We talked previously about our worries that in the short-term, inflation is likely to be an issue for the global economy. And we are still very worried – worried that supply disruption induced “transitory” inflation could last well into next year and possibly even 2023, slowing the global economy. This week the PMI surveys out of the UK, which incidentally painted a picture of slowing activity, showed supply constraints starting to bite, no more so than supplier delivery times seemingly heading to April 2020 lockdown highs as global supply chains are crippled by the delta variant:
As we talked about some time ago in Shot Induced Shortages there is currently a juxtaposition between developed market economies that are way ahead with their vaccination programmes and getting on with reopening, and emerging markets which are lagging with vaccinations and are behind in getting economies moving again. To add to this issue we have the response from authorities in certain countries, including China, trying to keep covid cases at zero. This is clearly very difficult to achieve given the speed with which the delta variant transmits. What’s more, this type of response is exacerbating supply chain disruptions from those countries that produce, such as China to those that consume, primarily the West.
The response to this disruption will be more automation
Much of this supply disruption is clearly coming from a lack of available labour, which is spurring on companies to automate more rapidly than they previously were. From McDonald’s to the mining sector the aftermath of the pandemic is seeing companies look to reduce the risk of labour force disruptions through increased use of technology. This is another example of a trend being accelerated by the pandemic, driven by technological advancement continuing along its exponential path:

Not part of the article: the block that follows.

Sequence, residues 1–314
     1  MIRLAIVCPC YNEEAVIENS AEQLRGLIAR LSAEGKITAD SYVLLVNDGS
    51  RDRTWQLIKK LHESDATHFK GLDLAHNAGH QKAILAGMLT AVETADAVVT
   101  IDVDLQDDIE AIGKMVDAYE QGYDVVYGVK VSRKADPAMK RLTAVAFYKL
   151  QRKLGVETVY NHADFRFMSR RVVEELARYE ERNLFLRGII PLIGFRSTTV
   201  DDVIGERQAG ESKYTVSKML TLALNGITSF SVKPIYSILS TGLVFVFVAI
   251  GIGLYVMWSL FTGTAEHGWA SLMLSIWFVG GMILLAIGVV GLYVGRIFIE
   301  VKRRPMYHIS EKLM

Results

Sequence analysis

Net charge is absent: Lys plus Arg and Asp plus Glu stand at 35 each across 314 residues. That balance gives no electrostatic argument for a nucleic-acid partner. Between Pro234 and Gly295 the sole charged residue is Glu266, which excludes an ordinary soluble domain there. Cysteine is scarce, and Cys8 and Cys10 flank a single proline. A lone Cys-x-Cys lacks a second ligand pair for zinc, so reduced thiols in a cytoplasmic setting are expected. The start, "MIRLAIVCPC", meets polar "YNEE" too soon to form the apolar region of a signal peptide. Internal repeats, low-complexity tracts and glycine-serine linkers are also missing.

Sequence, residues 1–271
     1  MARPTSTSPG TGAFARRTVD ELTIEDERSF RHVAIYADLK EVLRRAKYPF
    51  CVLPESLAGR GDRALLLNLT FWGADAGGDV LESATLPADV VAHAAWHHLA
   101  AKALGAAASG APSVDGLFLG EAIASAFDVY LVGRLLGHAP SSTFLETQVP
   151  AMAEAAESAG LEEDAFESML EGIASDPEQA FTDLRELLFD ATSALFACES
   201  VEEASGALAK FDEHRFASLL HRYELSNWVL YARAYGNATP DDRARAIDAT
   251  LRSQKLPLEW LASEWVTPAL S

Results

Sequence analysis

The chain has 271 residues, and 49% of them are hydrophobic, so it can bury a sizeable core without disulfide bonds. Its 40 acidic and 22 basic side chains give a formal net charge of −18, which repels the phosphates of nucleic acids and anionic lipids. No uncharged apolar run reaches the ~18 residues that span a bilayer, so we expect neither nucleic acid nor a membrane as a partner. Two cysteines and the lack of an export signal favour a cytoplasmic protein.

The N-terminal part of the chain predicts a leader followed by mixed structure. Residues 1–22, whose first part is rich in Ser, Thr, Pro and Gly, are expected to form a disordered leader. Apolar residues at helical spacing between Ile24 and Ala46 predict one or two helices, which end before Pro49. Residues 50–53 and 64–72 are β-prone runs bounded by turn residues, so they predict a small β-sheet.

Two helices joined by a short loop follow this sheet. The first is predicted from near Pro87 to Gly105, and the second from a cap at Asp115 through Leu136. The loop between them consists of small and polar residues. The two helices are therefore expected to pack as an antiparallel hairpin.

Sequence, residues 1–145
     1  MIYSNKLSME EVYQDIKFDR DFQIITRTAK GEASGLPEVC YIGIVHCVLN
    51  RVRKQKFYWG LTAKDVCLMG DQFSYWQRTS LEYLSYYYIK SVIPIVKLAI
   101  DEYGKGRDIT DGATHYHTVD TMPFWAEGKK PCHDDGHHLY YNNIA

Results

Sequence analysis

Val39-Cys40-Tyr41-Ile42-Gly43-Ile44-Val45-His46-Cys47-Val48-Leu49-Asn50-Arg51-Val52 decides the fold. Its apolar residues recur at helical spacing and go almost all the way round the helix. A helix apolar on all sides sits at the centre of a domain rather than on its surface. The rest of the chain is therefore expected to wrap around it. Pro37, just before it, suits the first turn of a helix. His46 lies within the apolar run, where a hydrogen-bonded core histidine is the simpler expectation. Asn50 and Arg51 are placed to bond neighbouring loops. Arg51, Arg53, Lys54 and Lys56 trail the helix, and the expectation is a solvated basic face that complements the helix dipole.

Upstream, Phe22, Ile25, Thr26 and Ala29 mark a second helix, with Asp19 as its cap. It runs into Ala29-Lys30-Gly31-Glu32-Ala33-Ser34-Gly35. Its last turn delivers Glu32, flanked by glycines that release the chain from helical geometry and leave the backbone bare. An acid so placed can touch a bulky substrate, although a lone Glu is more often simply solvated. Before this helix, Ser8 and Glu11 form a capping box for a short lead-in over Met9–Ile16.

Source: Hamilton Project, 19 February 2015. Source: Nordhaus (2007); updated data through 2010 form Nordhaus, personal website, http://www.econ.yale.edu/-nordhaus/hompage/.”Two Centuries of Productivity Growth in Computing.”; authors’ calculations. Note: Nordhaus (2007) defines computer power as the rate at which computers and calculators can execute certain standard mathematical tasks, measured in computations per second. The data have been adjusted for purchasing power to year 2006 dollars
But there’s been a price to pay for this advancement and it’s fallen at the feet of the least educated with wages struggling to keep pace with inflation as jobs at the bottom end of the education spectrum have been destroyed:
Once we work through the labour supply issues we see at present, the response to the pandemic may actually be less jobs not more, driven by technological disruption and robotics. And as more technological advancements are made through robotics and AI, wages are capped further up the education spectrum, thus dampening inflation throughout the economy. Whilst wages are only one component of inflation, they are an important driver if it is to be sustained. This clearly has implications for markets, particularly fixed income and put together with the greater debt burden because of the pandemic, this means the peak of interest rates in the next rate rising cycle is likely to be lower than that in the last.